An ‘In-Depth’ Look Into Spearfishing

Exmouth Scarlet Sea Perch

Photo courtesy of Tackelword Exmouth.

Spearfishing is a unique form of fishing that has a devoted band of followers who love to immerse themselves in the underwater world. Some spearfishes prefer to hold their breath (free dive), while others use SCUBA.

Spearfishing is an ancient method of fishing that has been used throughout the world for millennia. It is amongst the most selective form of fishing and has a very low environmental footprint. Done properly there is no bycatch, no lost fishing line, lures or sinkers, no discarded bait bags and no entanglement of birds. Spearfishers are also limited in where and when they can hunt, with factors like visibility, water depth, and strong currents limiting the times and locations suitable for spearfishing. For all of the above reasons spearfishing should be governed using the same rules as all other fishers.

From coral trout in the north, mackerel in the mid-west and Pink Snapper along the south coast, Western Australia has some of the best spearfishing in the world and offers something for every level of experience.

For anyone wanting to give spearfishing a try a good idea is to start small in the shallows, targeting species such as King George Whiting, Flounder and Flathead. These species allow fishers to hone their techniques. As you become more confident you may want to challenge yourself and target fast-moving pelagic species such as Tuna, Mackerel and Dolphin Fish.

While most people who go spearfishing use spearguns, an affordable way to get into the sport is to use hand spears or gidgies. Other important equipment includes a good wetsuit which will allow you to stay in the water longer and offer protection from the sun and stingers. A good set of fins is also essential. Spearfishing fins are longer and narrower than the fins used for snorkelling. You’ll also need a mask, snorkel, and a weight belt if you plan on spearfishing in anything but shallow water.

spear fishing - direction bank

Experienced spearfishers recommend gloves and booties but warn against carrying too much gear as it can slow you down in the water. A knife is essential for dealing with any fish you catch, and could also come in handy in an emergency such as an entanglement.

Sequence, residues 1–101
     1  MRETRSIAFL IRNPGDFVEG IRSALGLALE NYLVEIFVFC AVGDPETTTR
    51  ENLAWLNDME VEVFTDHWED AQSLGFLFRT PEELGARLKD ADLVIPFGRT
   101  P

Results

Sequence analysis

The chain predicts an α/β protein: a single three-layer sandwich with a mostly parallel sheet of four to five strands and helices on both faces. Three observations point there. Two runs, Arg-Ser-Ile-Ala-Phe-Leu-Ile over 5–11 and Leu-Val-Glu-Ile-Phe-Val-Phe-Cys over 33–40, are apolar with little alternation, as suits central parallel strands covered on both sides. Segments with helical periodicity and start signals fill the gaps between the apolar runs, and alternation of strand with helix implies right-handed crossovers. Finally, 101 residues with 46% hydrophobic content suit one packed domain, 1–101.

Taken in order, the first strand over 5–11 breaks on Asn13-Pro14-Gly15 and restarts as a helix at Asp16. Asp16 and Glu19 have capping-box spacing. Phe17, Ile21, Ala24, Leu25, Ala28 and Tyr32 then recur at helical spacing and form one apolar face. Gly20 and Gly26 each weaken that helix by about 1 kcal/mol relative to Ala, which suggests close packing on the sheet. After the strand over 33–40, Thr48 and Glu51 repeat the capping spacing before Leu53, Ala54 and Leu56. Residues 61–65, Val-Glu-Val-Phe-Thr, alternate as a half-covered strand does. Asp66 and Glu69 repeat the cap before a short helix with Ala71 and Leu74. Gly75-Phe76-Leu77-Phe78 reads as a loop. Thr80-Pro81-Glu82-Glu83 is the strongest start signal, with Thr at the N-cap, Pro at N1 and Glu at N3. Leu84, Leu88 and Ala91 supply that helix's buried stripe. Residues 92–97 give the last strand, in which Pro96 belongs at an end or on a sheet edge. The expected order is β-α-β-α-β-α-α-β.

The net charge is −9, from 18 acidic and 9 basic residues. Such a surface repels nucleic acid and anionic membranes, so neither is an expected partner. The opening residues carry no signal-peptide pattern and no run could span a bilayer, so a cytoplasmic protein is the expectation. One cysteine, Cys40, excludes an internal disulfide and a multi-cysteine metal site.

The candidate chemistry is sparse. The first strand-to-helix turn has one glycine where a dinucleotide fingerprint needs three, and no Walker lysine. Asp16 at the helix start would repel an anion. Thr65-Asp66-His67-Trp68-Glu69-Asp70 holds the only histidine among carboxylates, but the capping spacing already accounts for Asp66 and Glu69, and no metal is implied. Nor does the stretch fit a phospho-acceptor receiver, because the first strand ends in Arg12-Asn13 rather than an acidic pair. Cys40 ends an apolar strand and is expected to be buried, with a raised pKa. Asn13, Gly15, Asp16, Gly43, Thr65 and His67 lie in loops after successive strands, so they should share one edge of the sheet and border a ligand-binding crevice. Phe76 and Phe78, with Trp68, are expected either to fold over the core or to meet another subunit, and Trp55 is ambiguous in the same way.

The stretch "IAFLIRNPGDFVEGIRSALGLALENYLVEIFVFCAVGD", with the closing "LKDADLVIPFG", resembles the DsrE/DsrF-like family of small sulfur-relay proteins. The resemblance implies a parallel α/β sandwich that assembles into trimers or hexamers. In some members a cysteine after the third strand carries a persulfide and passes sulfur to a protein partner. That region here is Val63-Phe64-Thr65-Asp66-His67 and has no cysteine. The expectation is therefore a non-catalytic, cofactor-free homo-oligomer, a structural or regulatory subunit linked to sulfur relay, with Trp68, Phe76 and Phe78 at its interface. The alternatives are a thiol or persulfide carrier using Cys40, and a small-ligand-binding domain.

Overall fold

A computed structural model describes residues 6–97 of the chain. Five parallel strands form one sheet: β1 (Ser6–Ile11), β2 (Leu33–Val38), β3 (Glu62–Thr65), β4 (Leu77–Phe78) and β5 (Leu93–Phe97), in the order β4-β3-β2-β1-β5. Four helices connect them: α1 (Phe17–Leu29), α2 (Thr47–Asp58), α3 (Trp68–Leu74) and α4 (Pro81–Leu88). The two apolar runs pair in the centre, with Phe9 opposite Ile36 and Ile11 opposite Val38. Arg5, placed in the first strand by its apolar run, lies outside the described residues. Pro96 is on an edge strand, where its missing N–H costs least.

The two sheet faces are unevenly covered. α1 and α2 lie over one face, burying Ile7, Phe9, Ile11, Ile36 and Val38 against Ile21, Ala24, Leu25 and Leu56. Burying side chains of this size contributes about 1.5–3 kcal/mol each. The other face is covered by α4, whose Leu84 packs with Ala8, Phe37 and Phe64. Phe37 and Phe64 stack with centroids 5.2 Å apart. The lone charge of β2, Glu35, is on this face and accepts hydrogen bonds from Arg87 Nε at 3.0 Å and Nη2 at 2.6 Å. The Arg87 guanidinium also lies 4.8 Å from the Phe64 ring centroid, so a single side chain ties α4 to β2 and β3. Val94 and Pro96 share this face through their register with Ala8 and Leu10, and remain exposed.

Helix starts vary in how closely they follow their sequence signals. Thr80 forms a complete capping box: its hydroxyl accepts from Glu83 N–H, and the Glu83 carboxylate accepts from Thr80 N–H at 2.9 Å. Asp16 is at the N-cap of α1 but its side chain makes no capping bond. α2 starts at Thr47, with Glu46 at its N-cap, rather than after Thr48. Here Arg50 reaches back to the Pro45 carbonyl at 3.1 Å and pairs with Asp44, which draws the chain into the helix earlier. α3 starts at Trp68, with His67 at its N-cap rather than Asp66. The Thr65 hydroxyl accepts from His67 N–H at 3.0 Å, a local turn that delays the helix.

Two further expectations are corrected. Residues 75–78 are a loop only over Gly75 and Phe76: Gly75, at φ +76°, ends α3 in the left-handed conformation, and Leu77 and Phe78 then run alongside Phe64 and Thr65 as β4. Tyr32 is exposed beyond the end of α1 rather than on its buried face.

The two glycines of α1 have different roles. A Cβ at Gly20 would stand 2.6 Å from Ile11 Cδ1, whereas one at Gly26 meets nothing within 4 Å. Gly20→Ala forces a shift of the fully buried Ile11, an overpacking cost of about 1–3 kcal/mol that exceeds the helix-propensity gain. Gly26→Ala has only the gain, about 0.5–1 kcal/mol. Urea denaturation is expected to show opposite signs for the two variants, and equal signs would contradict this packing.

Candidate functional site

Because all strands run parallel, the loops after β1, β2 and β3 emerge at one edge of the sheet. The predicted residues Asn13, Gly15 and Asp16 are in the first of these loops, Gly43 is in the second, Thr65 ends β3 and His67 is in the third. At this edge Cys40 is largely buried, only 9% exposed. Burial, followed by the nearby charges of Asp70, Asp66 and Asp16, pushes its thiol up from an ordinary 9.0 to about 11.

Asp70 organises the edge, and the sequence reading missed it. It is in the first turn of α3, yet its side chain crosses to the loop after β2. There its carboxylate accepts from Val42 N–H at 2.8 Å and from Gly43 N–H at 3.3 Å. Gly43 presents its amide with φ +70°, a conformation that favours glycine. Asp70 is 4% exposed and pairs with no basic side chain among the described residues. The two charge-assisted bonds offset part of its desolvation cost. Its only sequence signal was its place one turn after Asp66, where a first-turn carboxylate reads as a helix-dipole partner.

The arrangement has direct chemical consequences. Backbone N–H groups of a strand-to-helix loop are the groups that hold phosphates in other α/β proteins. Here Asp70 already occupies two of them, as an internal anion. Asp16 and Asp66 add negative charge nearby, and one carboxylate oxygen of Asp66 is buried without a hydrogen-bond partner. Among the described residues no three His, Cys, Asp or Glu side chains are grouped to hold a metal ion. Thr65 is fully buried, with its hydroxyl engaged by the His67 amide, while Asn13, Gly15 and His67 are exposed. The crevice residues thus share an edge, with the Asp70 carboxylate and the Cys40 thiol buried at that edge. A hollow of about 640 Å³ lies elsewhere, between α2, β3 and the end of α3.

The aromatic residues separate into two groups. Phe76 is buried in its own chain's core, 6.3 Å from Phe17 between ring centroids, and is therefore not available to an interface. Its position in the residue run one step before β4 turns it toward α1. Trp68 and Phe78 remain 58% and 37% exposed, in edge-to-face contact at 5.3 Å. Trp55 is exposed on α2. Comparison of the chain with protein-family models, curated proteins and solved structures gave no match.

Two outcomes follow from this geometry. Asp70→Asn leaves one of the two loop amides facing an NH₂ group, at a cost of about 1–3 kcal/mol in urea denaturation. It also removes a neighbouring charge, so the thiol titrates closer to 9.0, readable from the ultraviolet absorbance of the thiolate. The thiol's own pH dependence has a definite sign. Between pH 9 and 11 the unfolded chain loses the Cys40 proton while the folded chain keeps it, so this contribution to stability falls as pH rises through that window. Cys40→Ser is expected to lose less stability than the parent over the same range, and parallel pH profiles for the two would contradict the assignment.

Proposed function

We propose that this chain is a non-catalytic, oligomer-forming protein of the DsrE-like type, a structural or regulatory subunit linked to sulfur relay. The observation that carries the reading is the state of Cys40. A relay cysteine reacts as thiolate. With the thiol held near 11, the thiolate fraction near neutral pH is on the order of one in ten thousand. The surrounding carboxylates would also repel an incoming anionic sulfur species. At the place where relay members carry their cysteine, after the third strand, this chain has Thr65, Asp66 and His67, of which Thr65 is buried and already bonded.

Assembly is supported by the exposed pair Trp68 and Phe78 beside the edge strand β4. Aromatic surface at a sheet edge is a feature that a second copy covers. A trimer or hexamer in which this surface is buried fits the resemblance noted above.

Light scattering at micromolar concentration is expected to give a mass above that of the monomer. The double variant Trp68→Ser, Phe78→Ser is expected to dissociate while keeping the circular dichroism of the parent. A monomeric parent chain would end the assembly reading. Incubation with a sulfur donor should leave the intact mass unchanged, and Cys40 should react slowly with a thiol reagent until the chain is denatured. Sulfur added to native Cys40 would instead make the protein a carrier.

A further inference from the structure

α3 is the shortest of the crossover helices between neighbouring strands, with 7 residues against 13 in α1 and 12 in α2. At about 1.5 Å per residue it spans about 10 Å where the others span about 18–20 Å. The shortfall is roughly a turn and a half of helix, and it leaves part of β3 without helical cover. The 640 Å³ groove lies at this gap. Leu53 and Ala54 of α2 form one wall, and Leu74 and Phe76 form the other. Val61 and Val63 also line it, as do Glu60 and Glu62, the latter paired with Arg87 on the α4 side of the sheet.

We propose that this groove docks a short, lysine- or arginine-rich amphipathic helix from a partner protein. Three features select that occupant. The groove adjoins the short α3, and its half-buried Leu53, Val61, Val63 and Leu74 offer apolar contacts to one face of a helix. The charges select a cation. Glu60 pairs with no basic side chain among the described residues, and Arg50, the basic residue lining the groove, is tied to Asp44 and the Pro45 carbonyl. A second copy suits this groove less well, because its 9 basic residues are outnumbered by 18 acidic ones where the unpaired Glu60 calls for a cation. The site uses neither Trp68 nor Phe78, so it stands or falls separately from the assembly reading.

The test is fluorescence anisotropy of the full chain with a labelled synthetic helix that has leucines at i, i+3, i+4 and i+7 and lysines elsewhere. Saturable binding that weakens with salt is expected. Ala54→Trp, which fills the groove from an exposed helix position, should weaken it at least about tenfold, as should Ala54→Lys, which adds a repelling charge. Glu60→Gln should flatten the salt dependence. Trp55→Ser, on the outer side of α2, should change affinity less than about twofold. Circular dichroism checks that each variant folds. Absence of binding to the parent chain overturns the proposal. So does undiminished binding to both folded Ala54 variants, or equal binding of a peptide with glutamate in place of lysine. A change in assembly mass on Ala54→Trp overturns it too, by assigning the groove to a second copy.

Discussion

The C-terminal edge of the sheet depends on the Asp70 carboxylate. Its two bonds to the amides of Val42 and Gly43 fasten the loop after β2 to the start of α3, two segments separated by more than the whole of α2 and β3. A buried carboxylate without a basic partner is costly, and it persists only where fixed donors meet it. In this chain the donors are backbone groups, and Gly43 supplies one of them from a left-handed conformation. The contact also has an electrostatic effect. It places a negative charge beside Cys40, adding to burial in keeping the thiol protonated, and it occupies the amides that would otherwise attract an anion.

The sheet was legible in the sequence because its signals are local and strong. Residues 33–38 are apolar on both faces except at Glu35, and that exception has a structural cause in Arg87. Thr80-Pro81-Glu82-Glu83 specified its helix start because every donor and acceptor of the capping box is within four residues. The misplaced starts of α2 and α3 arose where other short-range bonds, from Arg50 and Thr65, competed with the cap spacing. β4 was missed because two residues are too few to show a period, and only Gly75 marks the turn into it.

When spearfishing make sure you display a diver down flag (blue and white flag) so people in boats can see you. A majority of freediving accidents involving boat-diver interactions could be avoided with this simple and cheap flag. A float is also useful for resting on and for attaching your day’s catch.

The number one rule of spearfishing is to never dive alone. Always fish with a buddy and take turns diving with one person watching out for the other. Spearfishing is an experience best shared with friends who are there to help you if something goes wrong, such as a shallow water blackout, which is caused by a lack of oxygen.

Spearfishing is practised right throughout WA and is becoming more popular, especially with the younger generations. If the correct safety precautions are taken and you start shallow and progress into deeper waters, there’s no reason why you can’t become a pro in no time. Invest in quality safety equipment and enjoy the underwater world of Western Australia. Joining a spearfishing club is a great way to learn about the sport and find some likeminded friends to go fishing with.

Recfishwest’s Fishing Reports often highlight great photos of spearfishers coming up with their big catch. If you have some great photos please send them through to

spear fishing


Spearfishing Safety

Learn more about staying safe while spearfishing in our Spear Fishing Safety Guide or check out the Fish and Survive website.